The Flimsy Veneer of Gigantic Advertisements

The Flimsy Veneer of Gigantic Advertisements

“The problem was that it took away the local identity and sense of place, since the images were mostly European or American,” he says.“It’s covering up,” Derksen says.

A Mass Power Outage, Twitter's Data Misuse, and More News

A Mass Power Outage, Twitter's Data Misuse, and More News

Massive power outages won't save California, Twitter misused your two-factor authentication data, and scientists now know where lightning strikes twice (as much as anywhere else).Power shutoffs can't save California from wildfire hell.

Space Photos of the Week: Chaotic, Gassy Mars

Space Photos of the Week: Chaotic, Gassy Mars

Earth has dune fields like this too in our deserts—just one more thing we have in common with Mars. This comet run-in was surprising to astronomers because the general thought was that impacts like these didn’t happen in the outer solar system this long after the formation of the solar system.

Amazon Is Building Special Warehouses for Hazardous Items

Amazon Is Building Special Warehouses for Hazardous Items

To avoid future exploding bear repellent incidents, Amazon will now ship hazardous items out of specially engineered warehouses. In the future, Amazon plans to store bear repellent and similarly hazardous items in a new kind of warehouse designed specifically for that sort of merchandise.

Space Photos of the Week: Keep Space Weird

Space Photos of the Week: Keep Space Weird

Fast-forward five years, and scientists using the Hubble Space Telescope noticed it was gone. Check out our latest buying guides and best deals all year round📩 Want more?

Volkswagen Says It’s Responsible for 2% of Global CO2 Emissions

Volkswagen Says It’s Responsible for 2% of Global CO2 Emissions

Michael Jost, Volkswagen's chief strategist, told German business weekly magazine Wirtschaftswoche, that the Volkswagen group alone is responsible for around 2% of global carbon emissions -- roughly the same amount as Germany.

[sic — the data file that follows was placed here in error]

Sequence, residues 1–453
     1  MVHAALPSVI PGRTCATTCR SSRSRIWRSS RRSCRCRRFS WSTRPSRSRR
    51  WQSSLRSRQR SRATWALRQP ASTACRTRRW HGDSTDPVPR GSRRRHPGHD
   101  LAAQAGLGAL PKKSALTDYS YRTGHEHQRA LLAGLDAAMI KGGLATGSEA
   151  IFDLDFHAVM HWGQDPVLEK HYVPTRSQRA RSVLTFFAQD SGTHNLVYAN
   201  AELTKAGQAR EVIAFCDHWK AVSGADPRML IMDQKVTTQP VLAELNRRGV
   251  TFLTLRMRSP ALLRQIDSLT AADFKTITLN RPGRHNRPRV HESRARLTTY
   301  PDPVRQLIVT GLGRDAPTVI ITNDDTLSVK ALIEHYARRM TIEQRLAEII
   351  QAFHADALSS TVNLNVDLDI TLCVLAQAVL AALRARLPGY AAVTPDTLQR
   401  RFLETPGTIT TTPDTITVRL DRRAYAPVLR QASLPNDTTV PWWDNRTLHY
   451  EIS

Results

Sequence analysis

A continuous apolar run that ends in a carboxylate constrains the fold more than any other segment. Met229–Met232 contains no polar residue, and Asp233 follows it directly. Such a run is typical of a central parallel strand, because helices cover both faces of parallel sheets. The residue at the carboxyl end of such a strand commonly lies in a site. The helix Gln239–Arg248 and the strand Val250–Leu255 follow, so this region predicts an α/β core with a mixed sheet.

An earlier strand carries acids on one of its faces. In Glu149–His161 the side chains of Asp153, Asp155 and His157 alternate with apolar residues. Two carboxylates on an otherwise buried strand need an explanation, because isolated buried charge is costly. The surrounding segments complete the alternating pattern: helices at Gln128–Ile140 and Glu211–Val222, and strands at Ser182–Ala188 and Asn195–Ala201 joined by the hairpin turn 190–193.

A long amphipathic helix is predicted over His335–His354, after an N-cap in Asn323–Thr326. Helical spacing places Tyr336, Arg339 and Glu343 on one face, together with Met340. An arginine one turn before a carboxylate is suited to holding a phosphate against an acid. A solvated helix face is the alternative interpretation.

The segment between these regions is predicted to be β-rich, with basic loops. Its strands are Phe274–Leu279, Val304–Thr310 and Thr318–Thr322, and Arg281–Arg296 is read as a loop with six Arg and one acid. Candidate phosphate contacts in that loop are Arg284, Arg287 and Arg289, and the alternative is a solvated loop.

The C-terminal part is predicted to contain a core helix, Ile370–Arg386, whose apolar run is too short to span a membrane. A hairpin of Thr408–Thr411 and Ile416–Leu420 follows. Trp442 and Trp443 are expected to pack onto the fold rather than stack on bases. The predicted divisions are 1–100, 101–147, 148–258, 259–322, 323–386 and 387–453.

Why Amazon’s Search for a Second Headquarters Backfired

Why Amazon’s Search for a Second Headquarters Backfired

But in at least one respect, Amazon’s Hunger Games-style civic competition backfired: It’s shined a spotlight on how Amazon and companies like it have benefitted enormously from taxpayer funds.Each year, local politicians spend up to an estimated $90 billion to lure corporations like Amazon to their states, which The Atlantic points out is “more than the federal government spends on housing, education, or infrastructure.” Most companies broker these deals in private.“Companies are already very good at negotiating incentives, often using offers from other cities to up their deals.

Amazon’s HQ2 Hunger Games Are Over, and Jeff Bezos Won

Amazon’s HQ2 Hunger Games Are Over, and Jeff Bezos Won

Amazon’s HQ2 Hunger Games Are Over, and Jeff Bezos WonMark Lennihan/APAfter a 14-month search, Amazon announced Tuesday that it will open a pair of regional offices in two major metropolitan areas where it already has a presence: the Long Island City neighborhood of Queens, a borough of New York, and Arlington, Virginia, just outside Washington DC.The decision comes after more than 230 cities submitted bids to be home of the Seattle-based company’s highly anticipated second headquarters, which originally promised to employ 50,000 white-collar workers.